16. 16. Rice cultivated grown once a year. Cropping season Planting Harvesting Main season 4-5 9-11
  17. 17. Seed rate: • At broadcasting method the seed rate is about 70-80 kg/fed and 40-50 kg/fed at transplanting method.
  18. 18. The advantage of broadcasting method: • Early seeding date • Quickly preparation of salty soil The disadvantage: • Great difficulties in weed control • Higher seeding rate • Lower yield than transplanting.
  19. 19. Transplanting method:
  20. 20. The advantage of transplanting method: • Less seeding rate • Better weed control • Suitable density • High yield
  21. 21. Fertilizers: • For transplanting method 20 – 30 m/fed of FYM before the second ploughing, 150 kg/fed of super phosphate and 250 kgs/fed of ammonium sulphate applied after 15 days after transplanting. • For the broadcasting method 20- 30m/fed FYM after ploughing and 75 kg/fed of super phosphate before it. 250 kgs/fed of ammonium sulphate + 75 kgs/fed super phosphate applied after 35 days from broadcasting.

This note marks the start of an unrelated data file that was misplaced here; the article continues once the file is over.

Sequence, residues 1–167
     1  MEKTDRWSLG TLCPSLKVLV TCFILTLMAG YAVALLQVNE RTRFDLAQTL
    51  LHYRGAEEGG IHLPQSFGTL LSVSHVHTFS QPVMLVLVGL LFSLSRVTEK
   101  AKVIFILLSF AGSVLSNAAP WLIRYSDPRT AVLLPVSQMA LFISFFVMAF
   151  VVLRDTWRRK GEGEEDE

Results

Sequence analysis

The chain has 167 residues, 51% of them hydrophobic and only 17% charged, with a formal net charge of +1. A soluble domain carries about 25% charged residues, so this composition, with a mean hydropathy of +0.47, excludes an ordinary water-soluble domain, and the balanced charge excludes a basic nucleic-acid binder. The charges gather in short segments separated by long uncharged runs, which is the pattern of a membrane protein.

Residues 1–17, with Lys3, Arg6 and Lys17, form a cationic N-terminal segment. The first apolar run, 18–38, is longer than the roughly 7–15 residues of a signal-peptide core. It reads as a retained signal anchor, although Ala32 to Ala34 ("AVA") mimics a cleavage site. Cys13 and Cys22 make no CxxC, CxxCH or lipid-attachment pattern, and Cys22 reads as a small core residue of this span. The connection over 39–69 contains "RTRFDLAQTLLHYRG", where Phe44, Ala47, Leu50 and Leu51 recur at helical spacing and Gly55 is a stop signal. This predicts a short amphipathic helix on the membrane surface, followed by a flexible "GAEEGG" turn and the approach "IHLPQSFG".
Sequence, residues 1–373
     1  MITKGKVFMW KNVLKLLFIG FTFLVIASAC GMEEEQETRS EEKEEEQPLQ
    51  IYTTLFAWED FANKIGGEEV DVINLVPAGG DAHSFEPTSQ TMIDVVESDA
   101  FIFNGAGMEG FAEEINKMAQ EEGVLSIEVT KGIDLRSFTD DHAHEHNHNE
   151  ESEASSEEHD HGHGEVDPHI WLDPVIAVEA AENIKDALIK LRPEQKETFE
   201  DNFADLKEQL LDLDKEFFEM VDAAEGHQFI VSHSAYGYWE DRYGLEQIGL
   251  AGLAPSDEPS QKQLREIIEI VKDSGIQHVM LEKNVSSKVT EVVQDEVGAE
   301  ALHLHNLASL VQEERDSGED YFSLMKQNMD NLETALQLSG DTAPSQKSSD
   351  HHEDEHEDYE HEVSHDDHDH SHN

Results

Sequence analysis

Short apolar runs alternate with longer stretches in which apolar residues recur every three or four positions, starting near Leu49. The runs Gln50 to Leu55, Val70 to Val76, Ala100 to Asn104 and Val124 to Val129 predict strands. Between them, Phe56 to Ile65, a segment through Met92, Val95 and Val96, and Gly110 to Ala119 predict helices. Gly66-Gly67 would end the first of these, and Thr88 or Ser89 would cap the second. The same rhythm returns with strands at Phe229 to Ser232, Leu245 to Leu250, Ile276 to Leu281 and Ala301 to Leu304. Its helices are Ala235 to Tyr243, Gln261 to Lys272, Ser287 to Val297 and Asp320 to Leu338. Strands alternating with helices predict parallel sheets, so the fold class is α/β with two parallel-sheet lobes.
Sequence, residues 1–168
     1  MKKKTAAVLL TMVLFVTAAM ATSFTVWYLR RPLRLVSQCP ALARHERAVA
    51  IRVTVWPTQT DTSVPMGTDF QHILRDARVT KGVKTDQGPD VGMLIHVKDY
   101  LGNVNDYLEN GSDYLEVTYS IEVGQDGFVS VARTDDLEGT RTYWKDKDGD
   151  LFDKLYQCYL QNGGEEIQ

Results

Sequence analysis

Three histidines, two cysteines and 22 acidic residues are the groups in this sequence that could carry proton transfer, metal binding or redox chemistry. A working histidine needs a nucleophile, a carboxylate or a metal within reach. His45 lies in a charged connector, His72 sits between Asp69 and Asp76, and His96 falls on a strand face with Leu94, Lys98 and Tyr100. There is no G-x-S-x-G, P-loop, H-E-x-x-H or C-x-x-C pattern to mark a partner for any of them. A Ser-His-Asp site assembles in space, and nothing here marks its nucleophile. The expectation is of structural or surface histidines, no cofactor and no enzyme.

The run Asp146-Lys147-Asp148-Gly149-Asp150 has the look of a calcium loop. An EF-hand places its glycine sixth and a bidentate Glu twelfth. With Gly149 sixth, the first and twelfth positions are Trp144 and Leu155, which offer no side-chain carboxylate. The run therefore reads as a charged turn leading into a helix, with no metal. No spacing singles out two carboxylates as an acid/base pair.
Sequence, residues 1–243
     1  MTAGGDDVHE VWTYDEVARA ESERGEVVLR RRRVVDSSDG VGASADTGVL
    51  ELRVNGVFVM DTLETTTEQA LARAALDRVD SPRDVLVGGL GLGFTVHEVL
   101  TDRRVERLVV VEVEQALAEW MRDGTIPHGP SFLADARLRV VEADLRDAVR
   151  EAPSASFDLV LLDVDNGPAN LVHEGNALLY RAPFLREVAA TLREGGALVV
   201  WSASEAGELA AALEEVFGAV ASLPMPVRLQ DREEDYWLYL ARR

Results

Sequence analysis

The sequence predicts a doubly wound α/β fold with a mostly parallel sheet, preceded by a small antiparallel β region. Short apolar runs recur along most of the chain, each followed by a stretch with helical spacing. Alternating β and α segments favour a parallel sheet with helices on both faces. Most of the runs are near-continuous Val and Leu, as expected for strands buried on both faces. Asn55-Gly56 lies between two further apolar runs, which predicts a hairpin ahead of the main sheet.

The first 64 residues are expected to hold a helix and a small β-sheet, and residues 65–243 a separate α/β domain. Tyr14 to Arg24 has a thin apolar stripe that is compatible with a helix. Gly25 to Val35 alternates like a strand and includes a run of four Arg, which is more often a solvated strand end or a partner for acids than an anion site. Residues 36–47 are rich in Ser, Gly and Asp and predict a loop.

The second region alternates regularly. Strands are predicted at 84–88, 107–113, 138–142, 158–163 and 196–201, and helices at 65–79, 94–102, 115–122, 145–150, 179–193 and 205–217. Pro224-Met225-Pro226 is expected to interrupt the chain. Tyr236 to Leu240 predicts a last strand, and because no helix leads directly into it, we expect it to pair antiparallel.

22. 22. Application of water: • After seeding the field are submerged to depth of 1-2 inches and the depth of water is slowly increased until maximum depth of 5 inches is obtained when the plants should be at least 2 feet in height. Throughout the growing season the maximum depth of water is maintained by supplying fresh water to restore that lost by seepage, evaporation and transpiration. When the crop begin to ripen the water is drawn off to allow the ground to dry out sufficiently for harvesting
  23. 23. Harvesting: Rice should be cut somewhat before maturity, the proper stage is indicated by the position of the heads, which are well turned down. At this time the kernels in the lower part of the heads have not entirely hardened. The crop can be harvested by hand or by the binder or by the combine.
  24. 24. Yield • 4-5 tons /fed
  25. 25. The End!